Financial Dictionary -> Investing -> Dividend

Investing in shares provides two potential sources of financial return. The share price might rise, providing a capital gain which you can sell on the stock market and make a profit on the original purchase. But in addition companies pay something called an annual dividend to shareholders, which is basically a thank you bonus for investing in the business.

The size of a dividend depends upon the level of retained profits made that year (basically spare money that isn't needed elsewhere) and the amount of shares owned by the shareholder. The amount decided is fixed per share. If a company is going through financial problems they do not necessarily have to pay out a dividend. In fact a company never has to pay any out, but if that was the case there would probably be few investors. Companies usually work out a fair percentage that goes out to dividends and what is reinvested into the business to help it expand.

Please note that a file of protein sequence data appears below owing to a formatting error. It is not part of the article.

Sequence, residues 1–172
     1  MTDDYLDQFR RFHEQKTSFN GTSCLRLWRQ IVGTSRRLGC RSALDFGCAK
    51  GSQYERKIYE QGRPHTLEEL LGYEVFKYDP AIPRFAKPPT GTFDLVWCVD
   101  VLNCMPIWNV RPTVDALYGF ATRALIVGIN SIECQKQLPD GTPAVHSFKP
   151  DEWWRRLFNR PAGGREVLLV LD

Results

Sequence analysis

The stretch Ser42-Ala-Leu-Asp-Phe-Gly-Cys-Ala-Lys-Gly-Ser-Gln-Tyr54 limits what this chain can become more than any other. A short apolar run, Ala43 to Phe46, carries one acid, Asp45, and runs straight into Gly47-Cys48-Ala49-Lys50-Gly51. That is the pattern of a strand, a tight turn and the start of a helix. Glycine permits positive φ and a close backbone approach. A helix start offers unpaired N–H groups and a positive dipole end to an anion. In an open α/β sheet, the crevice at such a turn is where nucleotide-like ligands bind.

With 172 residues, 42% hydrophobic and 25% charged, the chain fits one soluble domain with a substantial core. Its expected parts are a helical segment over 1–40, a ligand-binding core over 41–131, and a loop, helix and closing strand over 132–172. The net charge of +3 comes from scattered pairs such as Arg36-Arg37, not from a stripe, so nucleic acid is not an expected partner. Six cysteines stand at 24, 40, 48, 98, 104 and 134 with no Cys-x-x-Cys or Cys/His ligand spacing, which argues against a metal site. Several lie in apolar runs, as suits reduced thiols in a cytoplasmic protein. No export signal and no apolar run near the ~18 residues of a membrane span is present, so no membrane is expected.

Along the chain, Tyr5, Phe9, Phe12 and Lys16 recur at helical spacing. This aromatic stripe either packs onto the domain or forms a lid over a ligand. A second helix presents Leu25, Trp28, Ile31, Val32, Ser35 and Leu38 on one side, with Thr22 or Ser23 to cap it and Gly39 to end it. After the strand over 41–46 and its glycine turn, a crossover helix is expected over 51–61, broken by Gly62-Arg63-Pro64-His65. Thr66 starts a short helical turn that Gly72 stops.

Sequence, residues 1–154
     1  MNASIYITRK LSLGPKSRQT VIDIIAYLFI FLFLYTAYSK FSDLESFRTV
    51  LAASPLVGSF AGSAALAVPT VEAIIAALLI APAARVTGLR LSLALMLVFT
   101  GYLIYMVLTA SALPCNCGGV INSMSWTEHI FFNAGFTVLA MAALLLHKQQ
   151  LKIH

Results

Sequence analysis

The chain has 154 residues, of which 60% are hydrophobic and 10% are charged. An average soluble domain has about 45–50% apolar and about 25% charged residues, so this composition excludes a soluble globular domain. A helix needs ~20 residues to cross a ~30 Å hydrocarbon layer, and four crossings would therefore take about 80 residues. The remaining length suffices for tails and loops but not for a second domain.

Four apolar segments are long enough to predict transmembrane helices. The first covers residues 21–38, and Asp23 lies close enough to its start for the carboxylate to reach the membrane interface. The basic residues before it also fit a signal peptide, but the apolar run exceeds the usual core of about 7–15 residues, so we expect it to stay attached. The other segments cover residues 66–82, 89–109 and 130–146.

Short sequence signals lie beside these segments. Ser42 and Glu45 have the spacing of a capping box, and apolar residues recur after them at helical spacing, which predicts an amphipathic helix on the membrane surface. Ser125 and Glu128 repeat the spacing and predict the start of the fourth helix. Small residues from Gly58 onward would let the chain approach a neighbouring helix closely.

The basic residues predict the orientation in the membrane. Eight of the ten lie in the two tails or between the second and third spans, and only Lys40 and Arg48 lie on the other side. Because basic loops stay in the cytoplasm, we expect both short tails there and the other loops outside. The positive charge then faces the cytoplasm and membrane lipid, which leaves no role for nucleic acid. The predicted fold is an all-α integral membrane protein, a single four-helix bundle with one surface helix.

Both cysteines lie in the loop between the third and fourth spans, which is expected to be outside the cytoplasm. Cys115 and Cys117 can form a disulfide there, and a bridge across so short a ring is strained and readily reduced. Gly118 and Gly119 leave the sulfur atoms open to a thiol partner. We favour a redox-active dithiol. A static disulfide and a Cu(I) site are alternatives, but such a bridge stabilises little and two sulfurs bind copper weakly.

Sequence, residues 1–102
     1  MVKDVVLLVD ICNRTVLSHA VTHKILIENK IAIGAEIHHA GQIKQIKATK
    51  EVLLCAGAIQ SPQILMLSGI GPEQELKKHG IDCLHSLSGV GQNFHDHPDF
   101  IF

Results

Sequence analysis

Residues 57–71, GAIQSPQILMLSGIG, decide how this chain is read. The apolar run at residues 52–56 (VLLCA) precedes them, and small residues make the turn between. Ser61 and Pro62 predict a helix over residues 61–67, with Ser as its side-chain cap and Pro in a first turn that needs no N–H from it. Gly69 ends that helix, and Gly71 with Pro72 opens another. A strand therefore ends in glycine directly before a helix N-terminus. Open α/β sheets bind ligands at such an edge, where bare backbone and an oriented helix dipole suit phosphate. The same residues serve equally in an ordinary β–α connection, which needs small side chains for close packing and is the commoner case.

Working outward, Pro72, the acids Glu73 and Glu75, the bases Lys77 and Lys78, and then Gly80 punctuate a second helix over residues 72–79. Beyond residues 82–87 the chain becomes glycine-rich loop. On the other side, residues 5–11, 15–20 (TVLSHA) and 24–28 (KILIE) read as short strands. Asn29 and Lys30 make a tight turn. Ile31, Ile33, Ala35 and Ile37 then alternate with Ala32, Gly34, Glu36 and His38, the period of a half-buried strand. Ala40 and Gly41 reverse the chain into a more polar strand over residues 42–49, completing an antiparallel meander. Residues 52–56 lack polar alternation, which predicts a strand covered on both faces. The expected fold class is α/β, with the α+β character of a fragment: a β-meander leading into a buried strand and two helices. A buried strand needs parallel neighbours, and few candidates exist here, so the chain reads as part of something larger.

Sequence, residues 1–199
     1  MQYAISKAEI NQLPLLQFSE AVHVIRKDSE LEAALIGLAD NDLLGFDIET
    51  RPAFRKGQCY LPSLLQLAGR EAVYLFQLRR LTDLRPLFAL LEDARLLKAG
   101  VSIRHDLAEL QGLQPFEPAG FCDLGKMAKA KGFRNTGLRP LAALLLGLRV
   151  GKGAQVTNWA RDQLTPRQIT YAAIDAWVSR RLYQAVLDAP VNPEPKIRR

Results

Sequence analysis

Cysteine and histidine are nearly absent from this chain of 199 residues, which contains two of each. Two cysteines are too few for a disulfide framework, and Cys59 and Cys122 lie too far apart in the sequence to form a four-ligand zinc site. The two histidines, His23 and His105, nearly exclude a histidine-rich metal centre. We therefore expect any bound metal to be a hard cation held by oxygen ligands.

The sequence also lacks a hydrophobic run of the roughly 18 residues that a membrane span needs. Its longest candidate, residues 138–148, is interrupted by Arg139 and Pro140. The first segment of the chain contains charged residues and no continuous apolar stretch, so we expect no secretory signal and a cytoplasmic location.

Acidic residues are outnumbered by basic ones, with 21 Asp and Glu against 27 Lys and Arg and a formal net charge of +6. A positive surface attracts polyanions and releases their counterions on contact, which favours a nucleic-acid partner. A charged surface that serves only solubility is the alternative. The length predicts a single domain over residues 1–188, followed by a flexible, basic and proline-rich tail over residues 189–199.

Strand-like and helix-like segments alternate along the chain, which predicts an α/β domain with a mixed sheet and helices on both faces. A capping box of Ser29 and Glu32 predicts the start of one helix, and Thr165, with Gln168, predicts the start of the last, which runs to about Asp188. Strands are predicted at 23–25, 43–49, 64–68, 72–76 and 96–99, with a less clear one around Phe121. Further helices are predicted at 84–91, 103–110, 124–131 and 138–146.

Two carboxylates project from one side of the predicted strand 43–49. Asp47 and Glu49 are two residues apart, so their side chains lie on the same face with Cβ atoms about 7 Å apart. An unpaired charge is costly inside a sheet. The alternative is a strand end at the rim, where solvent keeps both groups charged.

Shareholders use what are known as 'shareholder ratios' to provide a way of judging whether the shares are expensive or inexpensive and whether the dividends being paid out are high enough. This puts pressure on companies to achieve short term profits and to pay out consistently high dividends; however in the long term it may have an adverse affect on the company's finances and then ultimately it is the shareholders that end up worse off.

The dividend yield ratio directly relates to the amount of dividend actually received compared to the market value of the share. It shows the shareholder's annual dividends as a percentage of the total invested. This can be calculated by the following:

Dividend Yield = Ordinary Share Dividend / Market Price Per Share x 100
The higher the result the better.

Dividends are mainly paid in cash, but are sometimes paid in store credit or in the form of more shares.